Last week’s NCAA decision to sanction Louisville for hosting prostitution and stripper parties in its basketball dorm was more than a sex case, though you couldn’t tell that from the decision issued by the Committee on Infractions.
Like the 1930’s-era Chinatown cops known for (as Jack Nicholson quipped in the movie) arresting Chinamen for “spittin’ in the laundry,” the NCAA ended up fiddling and diddling on some small stuff. But their Louisville decision has some important lessons for coaches and athletic directors:
Lesson #1: If you are a head coach, write the words “Bylaw 11 Vicarious Liability” on a strip of duct tape and stick it on one corner of your laptop screen. Bylaw 11 is out to get you. Pitino got off easy, with a ‘spit-in-the-laundry’ penalty, but he still took a hit. As a head coach you are, Bylaw 11’s VC policy pronounces, presumed responsible for NCAA violations committed by your underlings. Don’t forget that.
Lesson #2: The entire NCAA reporting system is built on the duty to ‘self-report’.
Everyone – school, team, coach, assistant coaches, staffers – has a duty to ‘self-report’ violations to the NCAA. And when the new Bylaw 11 mandated in 2013 that the head coach “monitor the activities of all assistant coaches and administrators who report directly or indirectly” to him, and declared that the head coach is “presumed to be responsible” for his subordinates’ actions, it radically changed that duty to self-report.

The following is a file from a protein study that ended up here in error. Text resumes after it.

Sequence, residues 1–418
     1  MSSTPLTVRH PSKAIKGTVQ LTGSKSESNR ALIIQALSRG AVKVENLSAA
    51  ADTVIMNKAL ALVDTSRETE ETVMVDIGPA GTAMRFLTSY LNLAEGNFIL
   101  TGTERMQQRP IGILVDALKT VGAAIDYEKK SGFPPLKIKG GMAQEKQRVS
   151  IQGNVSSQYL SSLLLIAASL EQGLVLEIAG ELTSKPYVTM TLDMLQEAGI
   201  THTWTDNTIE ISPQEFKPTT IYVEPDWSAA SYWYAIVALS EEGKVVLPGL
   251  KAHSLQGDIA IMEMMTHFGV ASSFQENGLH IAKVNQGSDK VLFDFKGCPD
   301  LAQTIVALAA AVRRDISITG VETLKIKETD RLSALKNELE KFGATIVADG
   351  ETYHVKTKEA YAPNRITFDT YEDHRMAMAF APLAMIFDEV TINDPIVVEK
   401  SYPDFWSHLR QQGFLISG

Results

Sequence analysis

Lesson #3: ‘Presumptions’ about your head coach responsibility can be rebutted by evidence. Bylaw 11 didn’t require that assistants wear body cameras at all times; instead, it should have, as of 2013, moved every head coach and AD to radically change their system, to build a culture which – the coach and AD should later be able to prove — commands underlings to self-report every possible violation. If the coach can prove that he has properly monitored and has created such a ‘report-everything’ culture, then he cannot be held responsible.
Lesson #4 – Do Not Duplicate the Rick Pitino/AD Tom Jurich Bylaw 11 Train-Wreck:
The two men at the top of the Louisville athletic juggernaut never came close to rebutting the Bylaw 11 presumption. The culture they created was so off-the-rails, in fact, that the NCAA didn’t even need Bylaw 11’s presumption to bag them.